Anonymous said...

Makes me think of the Bentsen/Quayle debate back in the 1980s.

"Mr. Spicer, you're no Daniel Burnham."

There has to be a certain amount of megalomania attached to this kind of thing where you have one or two folks who rant and rave about the lack of community input into local development/repair projects, complaining about the city and Daley running roughshod over everyone, and then actually undermining the vehicle for the community input they so vociferously demand. Hypocrisy in spades.

I think at the root of it all is simply that Spicer wants what he wants. These little subcommittees and splinter groups are trying to pass off subjective demands as objectivity. It's pretty clever, but it's still a dirty trick.

EdJ said...

You have to remember that community input in Hyde Park is all about "Enough about me. What do you think about me?"

I don't know if I missed it, but did the Herald even mention the survey in this week's issue? I didn't see it anywhere. They made a big deal about how it was coming and the the HPKCC wanted a wide range of input, and then what? I am shocked - shocked I tell you - to find out that the Herald is not following journalistic guidelines.

Elizabeth Fama said...

...this kind of factionalism and behind-the-scenes maneuvering reminds folks of how deliberations were derailed over the Point...

Absolutely. The trick they played before with the Point -- of saying they represented the desires of the community -- only worked because there was no Hyde Park Progress back then, there was no 53rd Street Vision Meeting, there was no revealing Co-Op vote. Nowadays there are wider, more diverse voices speaking, and small factions with the Herald in their pocket can no longer claim to represent the community.

Keep discussing, everying! Keep arguing! Don't let anyone claim to represent you.

EdJ said...

Nowadays there are wider, more diverse voices speaking, and small factions with the Herald in their pocket can no longer claim to represent the community.

Nicely put Elizabeth.

Our local officials are noticing that these small groups don't pull the weight that they once did. I liked Leslie Hairston's letter to the editor about the committee of six in East Hyde Park who got so much ink in the Herald last week. According to her, her office wasn't contacted for comment. Again with the not following journalistic standards. I'm shocked - shocked I tell you.

Richard Gill said...

If HPKCC has not authorized Spicer or anyone else to speak on HPKCC's behalf, the Conference has an easy solution: Tell the Herald, the Aldermen, and the public that nobody but authorized individuals can speak for the Conference, and say who those authorized people are.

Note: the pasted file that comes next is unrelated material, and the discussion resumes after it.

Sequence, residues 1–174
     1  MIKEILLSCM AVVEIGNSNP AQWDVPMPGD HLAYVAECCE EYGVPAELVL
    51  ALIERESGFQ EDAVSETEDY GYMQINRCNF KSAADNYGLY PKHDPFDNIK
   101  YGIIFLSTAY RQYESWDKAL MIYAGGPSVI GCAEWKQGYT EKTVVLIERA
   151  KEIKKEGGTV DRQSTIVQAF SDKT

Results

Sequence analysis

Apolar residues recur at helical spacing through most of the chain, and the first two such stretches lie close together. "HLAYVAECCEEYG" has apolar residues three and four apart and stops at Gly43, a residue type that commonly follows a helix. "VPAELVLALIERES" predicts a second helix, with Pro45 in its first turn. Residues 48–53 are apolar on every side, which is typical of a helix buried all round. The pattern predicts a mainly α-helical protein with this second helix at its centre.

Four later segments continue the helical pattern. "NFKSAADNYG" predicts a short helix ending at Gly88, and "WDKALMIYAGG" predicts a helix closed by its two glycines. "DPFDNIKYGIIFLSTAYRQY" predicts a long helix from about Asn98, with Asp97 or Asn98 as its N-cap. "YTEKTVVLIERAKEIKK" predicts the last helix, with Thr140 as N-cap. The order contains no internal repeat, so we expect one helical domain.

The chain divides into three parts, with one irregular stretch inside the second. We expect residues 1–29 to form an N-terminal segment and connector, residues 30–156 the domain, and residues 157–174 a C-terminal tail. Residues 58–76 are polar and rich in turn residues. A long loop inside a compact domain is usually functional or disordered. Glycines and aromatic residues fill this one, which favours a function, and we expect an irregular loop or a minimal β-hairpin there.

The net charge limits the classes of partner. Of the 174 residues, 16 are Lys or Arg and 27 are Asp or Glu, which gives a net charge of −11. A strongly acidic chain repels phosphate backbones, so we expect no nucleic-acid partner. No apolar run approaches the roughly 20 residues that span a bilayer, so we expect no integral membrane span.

If HPKCC has any kind of workable structure, then only the Board can authorize formation of a committee and give it a charter, and only the Board or the President can designate spokespersons.

Is there a record in the HPKCC's minutes designating a committee? If not, the committee does not exist, except as a renegade faction. If people continue to act against the Conference's wishes, they should be kicked out.

If the Conference can't, or won't enforce this, then they're enabling anarchy, and they're worthless.

Rosemary said...

This is floating around at my office. Which "group" is sponsoring this survey?

chicago pop said...

Rosemary: the survey that you can link to from the link you provide is "the" survey hashed out by the HPKCC and associated with George Rumsey.

There's a link to the survey to the left of this page, and I've been encouraging everyone to take it to make the results as broad-based as possible.

The survey, however, is distinct from the Harper Court redev plan cooked up by the Development, Planning, and Zoning Committee, which had nothing to do with the survey. It's also not clear what authority this latter committee has to do anything.

Peter Rossi said...

yes, but you can't let the HP-KCC off the hook so easily. They are in the pocket of NIMBYs.

George R. has been quoted extensively as bemoaning the fact that the HP-KCC has not been called into render an opinion on Harper Court. The HP-KCC set up this "study group" or "task force" or whatever you want to call it.

The "preservation" committee of the HP-KCC has been prominent in opposition to the repair of the Point and the hotel proposal at Doctor's Hospital.

The HP-KCC tries to represent itself as a independent voice and a source of information on all points of view. But let's face it, they are against meaningful change in Hyde Park and support the worst of our local breed of NIMBYs.